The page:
The Ocala Breeders’ Sales Co. August yearling produced some discouraging results, but they weren’t really surprising considering the slumping American economy and the mixed bag of returns at other yearling auctions. On top of all that, the threat of Tropical Storm Fay didn’t help matters any. Following are what some of the OBS sale participants had to say about the state of the market:
Lynne M. Boutte, consignor: “It’s a little challenging; there is no bottom. I have a lot of blue collar horses, and I need the blue collar people, but a not a lot of them are here. I sold a nice little colt this morning for $1,500, I thought sure I was going to get $8,000 to $10,000, but I’ve got no reserves on 90% of the horses I have. It’s tough.”
Brent Fernung, Journeyman Bloodstock: “It’s been a tough sale. It looks to me like there is a general turndown in the medium-priced horse market, and I don’t think the weather has helped us any either.
“You see fuel prices going up, and the economy is in a general malaise. People who buy these kinds of horses are more affected by that than the guys who buy a $500,000 horse. Fuel prices won’t bother a fellow who will buy a $1-million horse, but they will a guy who buys a $40,000 or $50,000 horse.
“Right now, it looks like there’s a lot of trading amongst ourselves. The really cheap ones, I don’t know where they go; I have no idea. But these $30,000, $40,000, or $50,000 horses, we’re selling them to pinhookers and they’re going to try to find that end user later on down the road. There are a lot of horses that just can’t find a new home right now.”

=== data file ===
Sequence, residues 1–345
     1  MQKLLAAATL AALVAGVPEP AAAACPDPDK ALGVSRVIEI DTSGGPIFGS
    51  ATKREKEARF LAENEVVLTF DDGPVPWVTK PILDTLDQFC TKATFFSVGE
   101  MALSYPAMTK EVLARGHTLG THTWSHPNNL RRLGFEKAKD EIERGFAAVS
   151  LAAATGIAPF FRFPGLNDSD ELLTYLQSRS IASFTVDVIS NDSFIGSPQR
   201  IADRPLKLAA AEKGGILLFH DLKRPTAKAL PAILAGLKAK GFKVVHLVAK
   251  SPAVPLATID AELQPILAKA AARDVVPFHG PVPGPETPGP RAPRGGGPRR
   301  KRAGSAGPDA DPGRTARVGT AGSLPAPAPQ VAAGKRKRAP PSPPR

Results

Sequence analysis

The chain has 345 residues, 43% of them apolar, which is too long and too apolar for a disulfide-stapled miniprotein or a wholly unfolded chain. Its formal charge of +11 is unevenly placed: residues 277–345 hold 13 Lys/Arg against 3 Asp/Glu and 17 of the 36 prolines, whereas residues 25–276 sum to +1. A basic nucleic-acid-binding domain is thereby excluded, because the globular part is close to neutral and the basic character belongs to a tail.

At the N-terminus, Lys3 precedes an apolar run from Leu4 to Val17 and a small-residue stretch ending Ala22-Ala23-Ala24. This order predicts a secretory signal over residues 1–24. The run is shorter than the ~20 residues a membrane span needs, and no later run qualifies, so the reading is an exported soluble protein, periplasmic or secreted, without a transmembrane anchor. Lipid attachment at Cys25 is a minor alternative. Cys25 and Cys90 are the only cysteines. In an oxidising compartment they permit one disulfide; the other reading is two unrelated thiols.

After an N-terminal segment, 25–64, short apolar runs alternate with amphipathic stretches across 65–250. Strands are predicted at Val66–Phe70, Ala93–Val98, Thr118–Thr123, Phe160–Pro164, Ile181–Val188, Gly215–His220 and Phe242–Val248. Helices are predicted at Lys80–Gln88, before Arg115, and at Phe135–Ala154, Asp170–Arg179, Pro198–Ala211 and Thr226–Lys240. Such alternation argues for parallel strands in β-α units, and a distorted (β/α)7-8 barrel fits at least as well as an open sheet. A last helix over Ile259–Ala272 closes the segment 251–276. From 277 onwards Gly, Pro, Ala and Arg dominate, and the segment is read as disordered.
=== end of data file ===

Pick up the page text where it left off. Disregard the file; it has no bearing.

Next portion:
Richard Kent, Kaizen Sales: “At least it’s better than having a root canal, but not much. It is what it is. They (the buyers) very picky on what they want, and if you lead a horse up that they want, there’s a fair price for it. Otherwise, there’s no value for it, nothing.”
Barbara Vanlangendonck, Summerfield: Monday morning (Aug. 18) at 5 a.m. we, sat down and we revised all of our reserves and our thinking, decreased our appraisals, and we sold the majority of our horses (in the select session).
“You have to bring an athlete out. You can’t sell a small horse. The fact that Northern Dancer was 14.2 hands, 14.3 hands, or whatever he was, means nothing to anybody. We’re selling primarily to pinhookers and they need a big, strong, correct horse that looks quick because they’re going to have to turn around and go back and resell it.
“We had a much larger buyer base last year. Whether or not they changed their plans or not after hearing about the storm, I don’t know. But Miami trainers probably didn’t come because they’re going to stay home with their horses. Why would you leave a barn full of profitable animals to come up here for more? If you’re going to come down from Kentucky, why would you fly into this not knowing if you’re going to be able to get out? So, I think that the pinhookers have had it pretty much all their way this week and I wish them good luck. I hope they make money. But it’s certainly been a little more difficult than we thought it was going to be.”
“It’s very hard as an owner to realize, to admit, that your baby is not pretty. We had a few horses of our own in this particular sale and we drastically revised our reserves to get them sold. We’re walking away with significantly less money than we had hoped to achieve for our own personal horses. But you know what Mr. (Robert) Courtney told me years ago? Take horses (to a sale) and bring home money. Sometimes you have to take less for one that what you’ve got in it, but it’s off your feed bill; it’s off your vet bill; and you wish the buyer good luck.”